Cuba’s real estate market is booming. But will it last?


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https://www.miamiherald.com/news/nation-world/world/americas/cuba/article217887040.html

Cuba’s real estate market is booming. But will it last?

BY ARMANDO H. PORTELA

El Nuevo Herald

September 06, 2018 08:46 PM

malecon

The numbers are stunning.

To buy a house in the once-elegant Miramar neighborhood of Havana, the average Cuban must have saved all of his salary since British troops captured the city in 1762.

That house would cost about 100,000 Cuban convertible pesos, or CUCs — the equivalent of $1.13 U.S. What isn’t even close to equivalent is the pay scale. The average Cuban earns 370 CUCs per year as a computer programmer, state shop administrator, policeman, postman or teacher.. 

 

That disparity alone isn’t startling. Almost every city in the world has elegant homes that only the elite can afford, while average residents live in moderately priced homes. But in Cuba, the price for even a modest home far outstrips local wages.E UP!

According to official figures, the 5,000 CUC asking price for a dilapidated residence in less-desirable Havana neighborhoods like Alamar Jesús María, Luyanó and Párraga equals 13.5 years of salary for an average worker. A modest 20,000 CUC apartment in Vedado amounts to 54 years of average earnings.

Successful business owners, medical personnel who have worked abroad, artists and others may be able to afford the high prices. But its people living abroad – some of them Cubans, some not – who are often buyers.

Making the situation more difficult for island-based Cubans is the financial structure. Cubans cannot access mortgages or bank loans. Real estate purchases in Cuba are generally made in cash — although sometimes the buyers throw in a car, another property, television sets, air conditioners, water pumps and even furniture.

The largest transactions are often discreetly sealed outside Cuba, many of them in Miami.
 

Since the Cuban government legalized the sale of private residences in 2011, thousands of houses and apartments have changed hands each year.

 

It was a time of change throughout the island, noted Emilio Morales, director of The Havana Consulting Group, a Miami company that monitors the Cuban economy. “The authorization for selling homes arrived at the same time as self-employment and the elimination of the ‘White Card’ permit to travel abroad. People started selling their homes to invest in a business or to finance their move abroad.”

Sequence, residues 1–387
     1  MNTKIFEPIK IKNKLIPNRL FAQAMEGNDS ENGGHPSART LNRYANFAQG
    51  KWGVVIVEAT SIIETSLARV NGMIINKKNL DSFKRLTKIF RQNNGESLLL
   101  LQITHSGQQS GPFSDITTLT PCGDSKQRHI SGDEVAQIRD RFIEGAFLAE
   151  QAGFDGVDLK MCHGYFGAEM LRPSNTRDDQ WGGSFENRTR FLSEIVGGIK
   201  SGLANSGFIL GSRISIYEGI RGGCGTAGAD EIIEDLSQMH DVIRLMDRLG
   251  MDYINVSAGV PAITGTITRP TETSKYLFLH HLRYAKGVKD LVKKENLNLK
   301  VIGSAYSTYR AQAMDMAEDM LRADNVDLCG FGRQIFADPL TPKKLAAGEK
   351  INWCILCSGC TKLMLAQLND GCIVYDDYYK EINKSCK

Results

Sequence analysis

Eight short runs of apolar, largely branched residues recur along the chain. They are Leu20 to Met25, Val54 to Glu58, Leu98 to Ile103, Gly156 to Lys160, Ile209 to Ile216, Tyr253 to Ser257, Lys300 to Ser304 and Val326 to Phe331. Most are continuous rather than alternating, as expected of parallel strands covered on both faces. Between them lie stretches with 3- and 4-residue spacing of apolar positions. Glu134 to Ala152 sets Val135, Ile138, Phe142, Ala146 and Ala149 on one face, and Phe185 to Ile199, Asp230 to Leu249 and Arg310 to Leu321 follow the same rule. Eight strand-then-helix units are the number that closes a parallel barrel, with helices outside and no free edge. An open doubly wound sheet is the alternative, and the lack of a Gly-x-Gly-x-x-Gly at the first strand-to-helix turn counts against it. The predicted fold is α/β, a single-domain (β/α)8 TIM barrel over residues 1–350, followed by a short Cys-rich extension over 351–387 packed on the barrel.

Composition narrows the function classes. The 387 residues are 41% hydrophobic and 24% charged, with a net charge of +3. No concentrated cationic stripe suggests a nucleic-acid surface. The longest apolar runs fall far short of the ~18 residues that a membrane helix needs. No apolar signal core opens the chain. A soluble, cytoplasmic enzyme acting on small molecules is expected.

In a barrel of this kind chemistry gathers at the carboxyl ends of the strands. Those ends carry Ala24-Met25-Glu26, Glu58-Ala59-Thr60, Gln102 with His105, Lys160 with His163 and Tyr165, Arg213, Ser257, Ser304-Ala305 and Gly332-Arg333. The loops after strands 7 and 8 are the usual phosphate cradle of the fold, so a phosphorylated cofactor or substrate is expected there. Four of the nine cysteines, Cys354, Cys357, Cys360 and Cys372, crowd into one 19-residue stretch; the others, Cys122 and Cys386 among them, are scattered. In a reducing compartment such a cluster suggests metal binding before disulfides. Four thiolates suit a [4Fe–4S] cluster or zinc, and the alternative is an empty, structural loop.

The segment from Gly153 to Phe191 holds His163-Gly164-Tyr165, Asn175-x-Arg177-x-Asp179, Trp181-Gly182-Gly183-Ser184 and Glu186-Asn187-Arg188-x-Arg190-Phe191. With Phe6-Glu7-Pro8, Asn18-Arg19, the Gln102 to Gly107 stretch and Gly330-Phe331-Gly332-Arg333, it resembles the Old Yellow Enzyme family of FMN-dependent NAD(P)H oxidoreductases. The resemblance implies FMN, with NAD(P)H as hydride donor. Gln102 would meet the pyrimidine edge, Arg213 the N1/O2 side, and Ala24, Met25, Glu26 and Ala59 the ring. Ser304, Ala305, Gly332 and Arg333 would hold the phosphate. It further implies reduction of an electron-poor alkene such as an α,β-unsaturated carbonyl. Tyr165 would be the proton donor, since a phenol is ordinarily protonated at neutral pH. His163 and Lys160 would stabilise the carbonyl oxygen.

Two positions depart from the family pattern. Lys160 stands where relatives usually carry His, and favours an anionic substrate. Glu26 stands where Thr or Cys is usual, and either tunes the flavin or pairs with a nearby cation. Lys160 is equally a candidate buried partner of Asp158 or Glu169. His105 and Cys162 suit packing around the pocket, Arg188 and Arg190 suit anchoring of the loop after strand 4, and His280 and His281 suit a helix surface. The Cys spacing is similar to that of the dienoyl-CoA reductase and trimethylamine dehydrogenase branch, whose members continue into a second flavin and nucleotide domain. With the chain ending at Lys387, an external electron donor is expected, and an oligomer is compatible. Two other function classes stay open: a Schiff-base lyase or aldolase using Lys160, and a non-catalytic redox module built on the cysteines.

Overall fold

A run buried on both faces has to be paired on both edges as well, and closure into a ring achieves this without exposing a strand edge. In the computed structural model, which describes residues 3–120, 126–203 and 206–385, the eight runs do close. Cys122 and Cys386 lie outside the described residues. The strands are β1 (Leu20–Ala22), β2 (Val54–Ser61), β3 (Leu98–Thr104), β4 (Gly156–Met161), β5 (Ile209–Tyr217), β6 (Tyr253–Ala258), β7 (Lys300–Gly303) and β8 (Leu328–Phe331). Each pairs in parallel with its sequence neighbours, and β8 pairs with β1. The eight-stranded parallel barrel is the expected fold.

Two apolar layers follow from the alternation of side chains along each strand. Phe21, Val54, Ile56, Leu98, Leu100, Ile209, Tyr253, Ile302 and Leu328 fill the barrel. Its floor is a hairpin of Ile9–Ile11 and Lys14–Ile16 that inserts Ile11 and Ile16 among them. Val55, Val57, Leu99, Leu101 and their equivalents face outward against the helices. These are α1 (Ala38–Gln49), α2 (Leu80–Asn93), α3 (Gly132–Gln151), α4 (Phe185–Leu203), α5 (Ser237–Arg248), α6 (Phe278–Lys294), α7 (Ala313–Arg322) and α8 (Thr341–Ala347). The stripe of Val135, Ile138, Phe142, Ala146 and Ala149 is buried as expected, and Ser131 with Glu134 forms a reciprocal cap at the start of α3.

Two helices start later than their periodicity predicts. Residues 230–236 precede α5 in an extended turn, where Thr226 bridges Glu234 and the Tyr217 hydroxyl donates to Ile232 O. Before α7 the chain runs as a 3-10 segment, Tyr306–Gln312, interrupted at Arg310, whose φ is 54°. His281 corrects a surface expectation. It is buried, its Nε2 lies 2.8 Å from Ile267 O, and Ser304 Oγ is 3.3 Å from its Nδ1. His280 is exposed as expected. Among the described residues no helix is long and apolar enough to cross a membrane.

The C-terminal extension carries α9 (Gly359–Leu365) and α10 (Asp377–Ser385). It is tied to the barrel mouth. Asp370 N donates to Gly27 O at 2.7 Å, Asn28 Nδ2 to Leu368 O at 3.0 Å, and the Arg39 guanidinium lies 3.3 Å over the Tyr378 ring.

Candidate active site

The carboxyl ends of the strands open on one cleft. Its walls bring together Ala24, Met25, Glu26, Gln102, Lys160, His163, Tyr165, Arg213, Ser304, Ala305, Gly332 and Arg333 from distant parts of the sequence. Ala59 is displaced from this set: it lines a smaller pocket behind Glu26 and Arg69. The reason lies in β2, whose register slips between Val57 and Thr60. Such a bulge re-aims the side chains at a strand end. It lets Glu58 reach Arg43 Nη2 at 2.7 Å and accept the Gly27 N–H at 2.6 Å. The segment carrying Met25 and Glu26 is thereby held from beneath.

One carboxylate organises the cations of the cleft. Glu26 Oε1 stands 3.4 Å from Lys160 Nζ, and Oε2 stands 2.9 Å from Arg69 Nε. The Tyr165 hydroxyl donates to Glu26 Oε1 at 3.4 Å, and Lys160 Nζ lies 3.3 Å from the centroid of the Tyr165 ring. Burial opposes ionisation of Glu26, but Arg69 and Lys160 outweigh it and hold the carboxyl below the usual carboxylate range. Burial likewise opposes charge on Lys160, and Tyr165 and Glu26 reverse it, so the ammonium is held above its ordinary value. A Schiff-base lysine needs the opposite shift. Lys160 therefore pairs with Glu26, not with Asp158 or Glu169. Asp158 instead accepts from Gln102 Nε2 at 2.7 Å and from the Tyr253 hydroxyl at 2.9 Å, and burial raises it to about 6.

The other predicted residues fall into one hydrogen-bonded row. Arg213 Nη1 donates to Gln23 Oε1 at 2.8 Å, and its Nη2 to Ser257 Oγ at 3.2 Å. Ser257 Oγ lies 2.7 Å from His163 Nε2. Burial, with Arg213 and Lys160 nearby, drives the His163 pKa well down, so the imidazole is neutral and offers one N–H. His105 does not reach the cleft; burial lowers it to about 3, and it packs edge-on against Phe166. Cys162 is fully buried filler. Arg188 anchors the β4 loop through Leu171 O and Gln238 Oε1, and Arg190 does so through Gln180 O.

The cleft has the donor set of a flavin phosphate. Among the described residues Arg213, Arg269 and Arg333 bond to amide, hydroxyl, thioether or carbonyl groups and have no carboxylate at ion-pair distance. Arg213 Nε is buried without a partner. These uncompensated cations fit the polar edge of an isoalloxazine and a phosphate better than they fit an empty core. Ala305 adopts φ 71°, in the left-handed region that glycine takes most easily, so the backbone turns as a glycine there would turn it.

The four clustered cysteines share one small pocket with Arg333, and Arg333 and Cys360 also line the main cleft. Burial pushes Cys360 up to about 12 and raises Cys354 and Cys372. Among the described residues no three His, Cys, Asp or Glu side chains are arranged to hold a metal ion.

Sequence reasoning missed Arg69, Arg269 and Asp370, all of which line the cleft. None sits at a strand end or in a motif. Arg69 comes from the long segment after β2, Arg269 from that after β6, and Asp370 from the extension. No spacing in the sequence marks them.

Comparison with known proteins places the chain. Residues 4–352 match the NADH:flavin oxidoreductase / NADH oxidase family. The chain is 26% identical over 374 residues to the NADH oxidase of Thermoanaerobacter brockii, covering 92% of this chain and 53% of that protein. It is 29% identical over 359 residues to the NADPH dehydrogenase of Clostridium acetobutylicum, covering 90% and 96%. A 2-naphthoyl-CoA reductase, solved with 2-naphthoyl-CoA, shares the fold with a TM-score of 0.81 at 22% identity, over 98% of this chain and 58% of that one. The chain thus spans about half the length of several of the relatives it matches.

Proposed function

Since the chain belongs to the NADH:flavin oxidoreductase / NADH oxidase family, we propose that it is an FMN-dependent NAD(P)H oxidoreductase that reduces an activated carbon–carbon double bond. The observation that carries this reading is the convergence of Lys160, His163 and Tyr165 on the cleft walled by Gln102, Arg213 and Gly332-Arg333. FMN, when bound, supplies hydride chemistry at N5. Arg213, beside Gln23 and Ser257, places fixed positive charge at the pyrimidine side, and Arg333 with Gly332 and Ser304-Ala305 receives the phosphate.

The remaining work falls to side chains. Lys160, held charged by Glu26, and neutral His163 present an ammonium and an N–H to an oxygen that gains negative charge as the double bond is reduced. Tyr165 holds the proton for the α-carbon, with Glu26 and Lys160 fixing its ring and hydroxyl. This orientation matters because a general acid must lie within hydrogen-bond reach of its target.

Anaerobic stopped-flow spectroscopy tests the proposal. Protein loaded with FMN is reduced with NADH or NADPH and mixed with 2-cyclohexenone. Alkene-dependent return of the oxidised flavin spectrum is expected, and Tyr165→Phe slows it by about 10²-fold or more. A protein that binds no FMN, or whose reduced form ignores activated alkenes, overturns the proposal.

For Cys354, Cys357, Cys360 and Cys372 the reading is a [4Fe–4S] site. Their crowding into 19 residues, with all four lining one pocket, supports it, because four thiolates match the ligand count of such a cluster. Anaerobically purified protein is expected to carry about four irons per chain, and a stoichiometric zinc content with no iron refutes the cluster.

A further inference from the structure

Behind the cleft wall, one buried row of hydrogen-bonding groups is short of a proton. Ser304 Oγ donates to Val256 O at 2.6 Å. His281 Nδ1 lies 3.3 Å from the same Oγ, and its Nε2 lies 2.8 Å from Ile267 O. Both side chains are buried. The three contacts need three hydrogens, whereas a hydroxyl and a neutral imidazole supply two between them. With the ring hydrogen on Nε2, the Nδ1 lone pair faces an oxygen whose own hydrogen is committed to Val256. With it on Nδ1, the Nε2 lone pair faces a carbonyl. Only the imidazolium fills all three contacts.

Today more than 8,000 properties are available for sale in Cuba at any one time. Four out of five are in Havana, home to one in four Cubans.

The island’s complex real estate market is plagued by a lack of information, funding shortages and legislative gaps. Sellers don’t trust real estate agents, who are not officially organized. There are no independent inspectors or appraisers, no property insurance or transparent documents.

But perhaps the heaviest cloud over the real estate market is the well-founded fear that the laws allowing the sale of private homes can be recalled at any time.

“The current trend toward limiting the private sector, from restaurants to home rentals that were proving so successful, will soon bring with it a contraction of the real estate market,” said Morales. “That was the real aim, because the private sector was winning the competition against the inefficient state sector at all levels, from shoe manufacturing to hostels in private homes.”
A half million for a house in Havana? It’s not that unusual

For now, and seen from abroad, there’s no sign of a slowdown in the real estate market. But there are also no signs that tomorrow will be better, even though it’s one of the sectors of daily life in Cuba that most benefited from the reforms.

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2 hours ago, SenorPerfecto said:

There should be a total ban on foreign land sales until Cuba's economy is 100% free and average wages start to approach those of neighboring nations in the Caribbean. It's the only way to prevent the military dictators from selling out the whole country to fatten their own pockets, and keep all of Havana and every desirable seacoast area from falling into noncuban hands.

 

It would be so sad if no Cubans lived in Havana.

I was under the impression that only Cubans could buy property, so that a foreigner could only buy under a Cuban’s name. Is that not correct?

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5 hours ago, bpm32 said:

I was under the impression that only Cubans could buy property, so that a foreigner could only buy under a Cuban’s name. Is that not correct?